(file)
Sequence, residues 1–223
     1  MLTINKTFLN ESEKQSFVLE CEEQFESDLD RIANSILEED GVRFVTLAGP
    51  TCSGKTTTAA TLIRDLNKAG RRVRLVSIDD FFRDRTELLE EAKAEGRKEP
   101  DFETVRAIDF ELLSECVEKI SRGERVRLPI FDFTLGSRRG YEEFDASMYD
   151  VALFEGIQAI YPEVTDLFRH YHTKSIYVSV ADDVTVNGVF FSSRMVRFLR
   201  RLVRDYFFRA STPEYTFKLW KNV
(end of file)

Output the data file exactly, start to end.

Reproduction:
Sequence, residues 1–223
     1  MLTINKTFLN ESEKQSFVLE CEEQFESDLD RIANSILEED GVRFVTLAGP
    51  TCSGKTTTAA TLIRDLNKAG RRVRLVSIDD FFRDRTELLE EAKAEGRKEP
   101  DFETVRAIDF ELLSECVEKI SRGERVRLPI FDFTLGSRRG YEEFDASMYD
   151  VALFEGIQAI YPEVTDLFRH YHTKSIYVSV ADDVTVNGVF FSSRMVRFLR
   201  RLVRDYFFRA STPEYTFKLW KNV